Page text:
Legal Insider: Wrongful Termination in Virginia

This is a sponsored column by attorneys John Berry and Kimberly Berry of Berry & Berry, PLLC, an employment and labor law firm located in Plaza America that specializes in federal employee, security clearance, retirement and private sector employee matters.

By Kimberly H. Berry

It can be very difficult for an employee to be called into a supervisor’s office or to the human resources office unexpectedly and be informed that his/her employment has been terminated. Following the notice of termination, usually the employee is escorted out of the building and is faced with a sense of shock and loss.

It is important to know that termination proceedings in Virginia are at will, which generally leaves significant discretion to employers in decisions to hire and fire employees.

However, if the employer has violated a state or federal law in terminating the employee (e.g., discrimination, whistleblowing, retaliation), the termination can be considered wrongful and potential avenues to challenge the termination may be available.

One step that a Virginia employee can do following an involuntary termination is to make an appointment with a Virginia employment attorney to review the issues related to the termination action in order to determine whether it can be considered a wrongful termination.

An attorney can also help evaluate what steps may be taken to minimize the career damage that has just occurred and whether the action taken may be appealable.

Employees often have more options following a termination action than is apparent to them on the day of termination. The employer may have broken federal or Virginia laws with respect to the termination action.

If so, then it may be possible to negotiate a resolution, such as through a separation or severance agreement, on behalf of the employee with the employer. This generally happens when the employee retains an attorney to contact the employer about the inappropriate nature of the employee’s termination in violation of applicable employment laws.

Following an employee’s termination, many Virginia employees ask our firm whether they should also apply for unemployment compensation. The answer as to whether an employee should apply for unemployment compensation depends on the factual circumstances of the termination.

Even if an employer terminates an employee in Virginia for alleged misconduct, the employee may still be able to seek and obtain unemployment compensation.

In addition, in Virginia the employer has the burden of proof if they want to argue that the employee was terminated for misconduct. The employer essentially has to prove that the employee violated a significant company rule (and it usually must be a clear rule).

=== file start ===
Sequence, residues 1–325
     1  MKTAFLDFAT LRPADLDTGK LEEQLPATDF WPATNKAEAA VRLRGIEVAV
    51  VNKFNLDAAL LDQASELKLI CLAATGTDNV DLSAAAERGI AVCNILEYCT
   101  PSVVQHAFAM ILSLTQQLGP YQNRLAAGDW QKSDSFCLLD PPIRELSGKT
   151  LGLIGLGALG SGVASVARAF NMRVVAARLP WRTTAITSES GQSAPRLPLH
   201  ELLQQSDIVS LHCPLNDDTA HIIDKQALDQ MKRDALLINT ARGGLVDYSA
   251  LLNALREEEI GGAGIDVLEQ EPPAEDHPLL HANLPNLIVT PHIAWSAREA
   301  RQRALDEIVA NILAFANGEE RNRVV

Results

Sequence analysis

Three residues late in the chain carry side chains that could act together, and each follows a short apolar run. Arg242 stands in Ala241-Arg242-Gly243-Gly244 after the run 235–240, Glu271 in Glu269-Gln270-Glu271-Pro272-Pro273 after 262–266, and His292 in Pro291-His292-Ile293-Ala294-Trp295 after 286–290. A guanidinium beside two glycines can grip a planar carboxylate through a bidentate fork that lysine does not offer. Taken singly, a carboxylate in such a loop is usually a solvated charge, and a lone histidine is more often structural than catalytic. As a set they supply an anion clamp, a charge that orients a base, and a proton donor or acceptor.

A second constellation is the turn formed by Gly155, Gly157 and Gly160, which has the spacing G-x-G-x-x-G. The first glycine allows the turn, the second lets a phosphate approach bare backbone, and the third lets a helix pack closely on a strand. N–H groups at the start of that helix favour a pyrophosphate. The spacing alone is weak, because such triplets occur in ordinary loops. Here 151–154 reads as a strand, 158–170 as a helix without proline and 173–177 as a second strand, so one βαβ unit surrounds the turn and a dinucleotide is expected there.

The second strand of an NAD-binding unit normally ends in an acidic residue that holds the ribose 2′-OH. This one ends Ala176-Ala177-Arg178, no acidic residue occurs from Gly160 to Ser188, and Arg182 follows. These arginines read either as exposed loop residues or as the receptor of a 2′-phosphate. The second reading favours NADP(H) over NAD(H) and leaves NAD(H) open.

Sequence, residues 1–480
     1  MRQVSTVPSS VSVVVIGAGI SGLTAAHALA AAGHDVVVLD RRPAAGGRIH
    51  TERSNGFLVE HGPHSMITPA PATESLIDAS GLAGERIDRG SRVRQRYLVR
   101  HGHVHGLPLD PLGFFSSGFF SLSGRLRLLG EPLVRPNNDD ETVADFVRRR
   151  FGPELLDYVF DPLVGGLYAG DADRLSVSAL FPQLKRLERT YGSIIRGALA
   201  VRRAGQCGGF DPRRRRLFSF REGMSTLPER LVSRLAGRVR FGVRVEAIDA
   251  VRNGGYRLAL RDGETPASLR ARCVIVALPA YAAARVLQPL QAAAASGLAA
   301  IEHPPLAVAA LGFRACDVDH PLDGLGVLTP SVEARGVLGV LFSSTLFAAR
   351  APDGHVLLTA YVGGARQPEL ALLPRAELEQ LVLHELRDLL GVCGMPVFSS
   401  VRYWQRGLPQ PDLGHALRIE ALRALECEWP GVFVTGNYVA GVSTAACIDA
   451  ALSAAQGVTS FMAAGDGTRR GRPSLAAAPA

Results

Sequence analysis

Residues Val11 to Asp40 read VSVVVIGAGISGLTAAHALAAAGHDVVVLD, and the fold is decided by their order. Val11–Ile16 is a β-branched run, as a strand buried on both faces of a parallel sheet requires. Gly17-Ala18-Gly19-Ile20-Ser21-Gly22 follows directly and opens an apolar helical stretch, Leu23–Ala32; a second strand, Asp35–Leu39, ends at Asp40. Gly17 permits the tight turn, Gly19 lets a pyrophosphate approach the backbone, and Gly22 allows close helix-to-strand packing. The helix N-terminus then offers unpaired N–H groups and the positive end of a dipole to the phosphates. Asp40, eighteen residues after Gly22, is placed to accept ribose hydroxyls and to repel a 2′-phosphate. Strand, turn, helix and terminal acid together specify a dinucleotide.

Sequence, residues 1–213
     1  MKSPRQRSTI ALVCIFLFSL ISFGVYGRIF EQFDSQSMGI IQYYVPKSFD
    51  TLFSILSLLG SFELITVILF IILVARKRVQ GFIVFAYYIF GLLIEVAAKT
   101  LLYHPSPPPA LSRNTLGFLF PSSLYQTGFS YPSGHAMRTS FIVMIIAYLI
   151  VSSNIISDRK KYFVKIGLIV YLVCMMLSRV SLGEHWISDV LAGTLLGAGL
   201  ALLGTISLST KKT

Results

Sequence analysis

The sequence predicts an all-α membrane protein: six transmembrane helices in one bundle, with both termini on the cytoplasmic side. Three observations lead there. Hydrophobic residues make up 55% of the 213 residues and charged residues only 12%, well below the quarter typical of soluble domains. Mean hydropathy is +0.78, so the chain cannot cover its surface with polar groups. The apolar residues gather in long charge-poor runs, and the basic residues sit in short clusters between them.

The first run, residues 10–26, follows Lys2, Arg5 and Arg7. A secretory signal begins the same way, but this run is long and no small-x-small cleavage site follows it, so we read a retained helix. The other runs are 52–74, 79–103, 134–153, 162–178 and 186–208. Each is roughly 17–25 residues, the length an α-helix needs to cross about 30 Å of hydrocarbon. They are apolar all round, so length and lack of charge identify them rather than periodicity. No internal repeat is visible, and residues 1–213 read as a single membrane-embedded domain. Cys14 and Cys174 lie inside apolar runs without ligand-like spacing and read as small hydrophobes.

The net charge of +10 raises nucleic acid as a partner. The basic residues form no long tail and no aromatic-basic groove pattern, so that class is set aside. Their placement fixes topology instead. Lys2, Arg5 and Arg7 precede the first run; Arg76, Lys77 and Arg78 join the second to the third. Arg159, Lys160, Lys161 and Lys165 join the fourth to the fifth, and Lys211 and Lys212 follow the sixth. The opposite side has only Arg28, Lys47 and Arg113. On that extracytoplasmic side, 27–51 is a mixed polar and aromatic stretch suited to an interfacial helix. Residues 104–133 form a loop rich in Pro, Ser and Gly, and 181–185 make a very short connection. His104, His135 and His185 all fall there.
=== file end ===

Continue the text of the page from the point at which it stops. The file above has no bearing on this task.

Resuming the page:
In addition, it is often the case that an employee, through wrongful discharge negotiations, may obtain a resolution where the employer agrees not to contest unemployment.

Finally, an employee should keep in mind that if the employee is terminated for poor performance, as opposed to misconduct, unemployment compensation is generally granted. However, any separation or severance compensation received by the employee will typically delay receipt of unemployment compensation.

So, while a lot depends on unique factual circumstances in each case, and each case should be discussed with an attorney, it may very well be worth it to consider filing for unemployment compensation in Virginia even if the employer has alleged misconduct or egregious performance issues in the termination.

While our firm principally represents employees in wrongful termination proceedings (as opposed to representing employees in the actual unemployment compensation hearings), we often advise them on issues involving their unemployment compensation matters and factor these issues into separation or severance negotiations as they can relate to their wrongful termination cases and factor these issues into separation and severance agreement negotiations.

When facing wrongful termination issues in Virginia it can be helpful and important to obtain the advice from and representation of an attorney.

Our law firm advises and represents individuals in wrongful termination matters, including separation and severance agreement matters, in Virginia and other jurisdictions. We can be contacted at www.berrylegal.com or by telephone at (703) 668-0070. Please also visit and like us on Facebook at www.facebook.com/BerryBerryPllc.

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